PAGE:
Vaccinations

Vaccines to Get in Adulthood

Getting vaccinated is stressed for children, especially since they’re in close quarters in day cares and schools and can be exposed more to viruses (not to mention having less developed immune systems). However, while you should follow the schedules for child vaccinations from the Centers for Disease Control and Prevention (CDC), you should definitely protect yourself too.

The shots recommended for adults are not always the same as the ones for children, and can be advised by your doctor especially if you have certain health conditions. A physician can also warn you about the dangers of a certain vaccine in some cases, for example if you’re pregnant. Let’s have a look at six key vaccines you should get beyond the age of 18-years old…

1. Shingles (Zoster Vaccine)

If you’ve never had shingles, you’re lucky—it is a potentially excruciating nerve infection that strikes adults and is caused by the varicella-zoster virus. The CDC notes you should get the zoster vaccine if you’re in the 60 to 64-age bracket (even if you’ve had shingles before).

This same virus is responsible for chickenpox in children and teenagers, and the virus can reappear later in life (one in 3-people will get shingles in their lifetime). If you have shingles, you can’t directly pass it to someone else, but you can still infect someone with chickenpox who has never had the latter illness.

Shingles

2. Human Papillomavirus (HPV)

This vaccine is aimed at young adults, and the CDC said about one in four people is currently infected in the country. This particular virus can trigger cancer in men (penile cancer), and in women (cervical and vaginal cancers).

While the CDC said these vaccines should also be given to preteens, Vaccines.gov (managed by the U.S. Department of Health) notes the vaccine can be given to those who didn’t receive the initial vaccinations—3-doses for women until 26-years of age, and 2-doses for men to age-21 (or 26 if there are other risk factors).

HPV

3. Influenza (Flu Shot)

While young people are urged to get a flu vaccine for the seasonal virus that can cause fever, coughing and other symptoms, older people are urged to get the shot as well. You don’t build up immunity over the years because the strain of flu changes from season to season.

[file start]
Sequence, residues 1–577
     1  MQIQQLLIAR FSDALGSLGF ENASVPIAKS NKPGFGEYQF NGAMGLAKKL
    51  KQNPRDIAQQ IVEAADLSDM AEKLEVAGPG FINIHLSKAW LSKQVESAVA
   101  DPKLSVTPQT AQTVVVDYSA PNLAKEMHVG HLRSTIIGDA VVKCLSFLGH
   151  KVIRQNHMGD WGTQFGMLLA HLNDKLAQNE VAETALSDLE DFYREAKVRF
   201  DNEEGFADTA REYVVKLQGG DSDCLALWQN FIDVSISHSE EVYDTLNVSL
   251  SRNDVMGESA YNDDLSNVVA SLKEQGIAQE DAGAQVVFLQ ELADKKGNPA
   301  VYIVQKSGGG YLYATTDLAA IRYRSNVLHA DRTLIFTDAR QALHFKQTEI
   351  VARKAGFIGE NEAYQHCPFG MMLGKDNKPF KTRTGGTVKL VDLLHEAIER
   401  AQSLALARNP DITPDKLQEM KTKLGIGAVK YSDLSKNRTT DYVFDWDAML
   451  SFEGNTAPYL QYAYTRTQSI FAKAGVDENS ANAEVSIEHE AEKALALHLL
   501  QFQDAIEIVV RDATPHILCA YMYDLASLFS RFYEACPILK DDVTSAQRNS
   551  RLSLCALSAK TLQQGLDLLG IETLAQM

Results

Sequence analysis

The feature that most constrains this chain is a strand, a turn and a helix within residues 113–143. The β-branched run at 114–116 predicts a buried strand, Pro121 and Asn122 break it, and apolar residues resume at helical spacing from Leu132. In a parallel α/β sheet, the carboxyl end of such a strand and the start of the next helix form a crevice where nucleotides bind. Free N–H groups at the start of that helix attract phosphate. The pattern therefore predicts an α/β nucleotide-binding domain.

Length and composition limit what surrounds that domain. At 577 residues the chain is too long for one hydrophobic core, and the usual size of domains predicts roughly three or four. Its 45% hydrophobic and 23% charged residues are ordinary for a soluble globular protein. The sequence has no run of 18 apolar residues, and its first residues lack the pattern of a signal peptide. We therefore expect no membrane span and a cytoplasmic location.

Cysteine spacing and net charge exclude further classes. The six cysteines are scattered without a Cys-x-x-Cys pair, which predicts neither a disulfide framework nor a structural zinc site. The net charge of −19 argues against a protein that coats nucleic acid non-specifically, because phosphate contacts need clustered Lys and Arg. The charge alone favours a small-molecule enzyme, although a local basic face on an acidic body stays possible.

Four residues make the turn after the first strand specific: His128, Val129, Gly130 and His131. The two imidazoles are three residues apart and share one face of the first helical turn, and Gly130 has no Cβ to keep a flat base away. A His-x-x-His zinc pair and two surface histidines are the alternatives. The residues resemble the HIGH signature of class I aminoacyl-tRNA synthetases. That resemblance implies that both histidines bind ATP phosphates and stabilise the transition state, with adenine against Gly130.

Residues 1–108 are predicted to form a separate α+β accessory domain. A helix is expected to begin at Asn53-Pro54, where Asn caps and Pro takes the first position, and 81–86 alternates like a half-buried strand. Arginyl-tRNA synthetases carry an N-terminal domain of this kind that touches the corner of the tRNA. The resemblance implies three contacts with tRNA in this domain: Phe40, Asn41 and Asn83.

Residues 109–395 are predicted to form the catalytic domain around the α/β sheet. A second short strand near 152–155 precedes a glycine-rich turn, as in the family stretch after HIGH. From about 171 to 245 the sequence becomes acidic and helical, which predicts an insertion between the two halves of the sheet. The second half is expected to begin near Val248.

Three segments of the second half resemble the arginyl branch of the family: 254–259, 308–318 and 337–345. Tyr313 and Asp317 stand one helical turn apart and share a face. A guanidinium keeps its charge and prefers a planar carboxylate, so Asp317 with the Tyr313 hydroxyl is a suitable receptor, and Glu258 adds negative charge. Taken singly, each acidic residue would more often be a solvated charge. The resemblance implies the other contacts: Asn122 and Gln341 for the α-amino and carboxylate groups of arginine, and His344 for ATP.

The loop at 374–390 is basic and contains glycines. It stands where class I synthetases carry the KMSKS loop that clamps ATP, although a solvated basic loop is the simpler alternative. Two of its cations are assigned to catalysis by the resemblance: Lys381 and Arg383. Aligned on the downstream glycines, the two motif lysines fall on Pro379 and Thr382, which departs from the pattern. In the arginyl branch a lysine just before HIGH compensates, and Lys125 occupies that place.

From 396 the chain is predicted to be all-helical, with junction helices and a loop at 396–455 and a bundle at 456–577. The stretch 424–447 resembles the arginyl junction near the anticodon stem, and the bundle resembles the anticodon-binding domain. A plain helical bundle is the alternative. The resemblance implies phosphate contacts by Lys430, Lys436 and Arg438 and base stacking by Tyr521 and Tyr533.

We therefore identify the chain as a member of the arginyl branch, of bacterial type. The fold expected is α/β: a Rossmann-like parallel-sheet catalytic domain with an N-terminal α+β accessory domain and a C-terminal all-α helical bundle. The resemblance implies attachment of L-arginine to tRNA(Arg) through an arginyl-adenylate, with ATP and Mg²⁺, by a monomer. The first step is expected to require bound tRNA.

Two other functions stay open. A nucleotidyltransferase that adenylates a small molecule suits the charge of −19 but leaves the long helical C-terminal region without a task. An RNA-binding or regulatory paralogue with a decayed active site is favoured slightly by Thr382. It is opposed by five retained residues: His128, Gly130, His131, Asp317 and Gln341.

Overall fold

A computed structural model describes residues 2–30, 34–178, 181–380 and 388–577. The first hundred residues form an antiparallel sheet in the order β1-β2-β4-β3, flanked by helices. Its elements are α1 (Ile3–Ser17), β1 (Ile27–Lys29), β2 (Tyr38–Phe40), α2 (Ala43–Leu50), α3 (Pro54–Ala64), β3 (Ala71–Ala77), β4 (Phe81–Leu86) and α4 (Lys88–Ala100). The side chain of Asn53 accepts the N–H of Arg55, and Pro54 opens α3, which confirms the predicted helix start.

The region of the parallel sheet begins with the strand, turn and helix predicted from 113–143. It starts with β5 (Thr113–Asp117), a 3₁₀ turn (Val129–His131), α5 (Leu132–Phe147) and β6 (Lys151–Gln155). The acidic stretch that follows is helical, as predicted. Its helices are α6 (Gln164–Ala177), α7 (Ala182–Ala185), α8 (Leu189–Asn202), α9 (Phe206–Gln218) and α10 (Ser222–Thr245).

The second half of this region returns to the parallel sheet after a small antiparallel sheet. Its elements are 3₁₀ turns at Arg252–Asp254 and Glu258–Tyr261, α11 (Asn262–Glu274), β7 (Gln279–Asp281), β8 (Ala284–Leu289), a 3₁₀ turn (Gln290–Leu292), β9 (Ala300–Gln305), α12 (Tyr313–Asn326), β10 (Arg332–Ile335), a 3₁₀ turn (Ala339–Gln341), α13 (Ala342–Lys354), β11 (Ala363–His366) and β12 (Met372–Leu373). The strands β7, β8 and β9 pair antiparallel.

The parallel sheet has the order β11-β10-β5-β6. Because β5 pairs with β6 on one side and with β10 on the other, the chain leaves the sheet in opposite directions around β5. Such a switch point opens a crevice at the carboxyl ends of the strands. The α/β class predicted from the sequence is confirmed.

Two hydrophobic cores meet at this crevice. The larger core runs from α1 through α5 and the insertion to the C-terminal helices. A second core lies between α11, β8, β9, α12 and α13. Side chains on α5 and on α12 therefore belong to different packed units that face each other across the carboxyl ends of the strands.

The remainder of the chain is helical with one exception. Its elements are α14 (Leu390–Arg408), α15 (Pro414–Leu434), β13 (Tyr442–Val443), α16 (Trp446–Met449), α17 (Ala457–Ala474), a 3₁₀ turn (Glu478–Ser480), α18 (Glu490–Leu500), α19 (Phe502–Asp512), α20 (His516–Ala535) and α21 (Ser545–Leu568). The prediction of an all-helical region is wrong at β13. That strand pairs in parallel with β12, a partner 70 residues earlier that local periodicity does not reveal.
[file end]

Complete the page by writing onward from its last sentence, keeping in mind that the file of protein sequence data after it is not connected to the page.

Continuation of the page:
The U.S. Library of Medicine (National Institutes of Health) notes that more than 60-percent of trips to the hospital related to flu involve patients 65-years or older. The source strongly recommends that adults aged 50 and over gets the shot (but everyone should talk to their doctor about it at any age).

Flu Shot

4. Pneumococcal Disease (PCV13 and PPSV23)

This disease can lead to a number of potentially fatal infections, especially for older adults. They include pneumonia, meningitis, and bloodstream infection, and they kill close to 20,000 seniors each year, explains the National Foundation of Infectious Diseases.

While the PCV vaccine is recommended for younger patients, there are 2-vaccines usually administered for those aged 65 or older, notes the source. These include the pneumococcal conjugate vaccine (PCV13) and a pneumococcal polysaccharide vaccine (PPSV23). The site notes that these vaccines cannot be given during the same visit.

Pneumococcal Disease vaccine

5. Hepatitis A

WebMD says this vaccine for adults can prevent a serious liver disease spread through close personal contact or contaminated water or ice—which is why you may see ads about this vaccine for travelers.

The source notes that adults who contract Hep-A are more likely to display symptoms than children. These symptoms can last for weeks and include fever, fatigue, jaundice, nausea, and severe stomach pain. It can be fatal in rare instances. A supplementary shot of immune globulin (IG) can be considered for older adults and those with compromised immune systems.

Hepatitis C

6. Tetanus, Diphtheria, and Pertussis (Td/Tdap)

These are three potentially life-threatening diseases that are covered by one combination vaccine. Tetanus enters the blood through a wound and can cause lockjaw; diphtheria can make it difficult to breathe, while pertussis is whooping cough, which is especially dangerous for babies but also for adults.

WebMD explains that the Tdap vaccine for adults is not to be confused with the DTaP vaccine you received as a child. While Tdap will protect you from all three aforementioned health conditions, Td on its own is a booster (an additional dose to periodically stimulate the immune system) and does not cover whooping cough, notes the source.

VACCINATION

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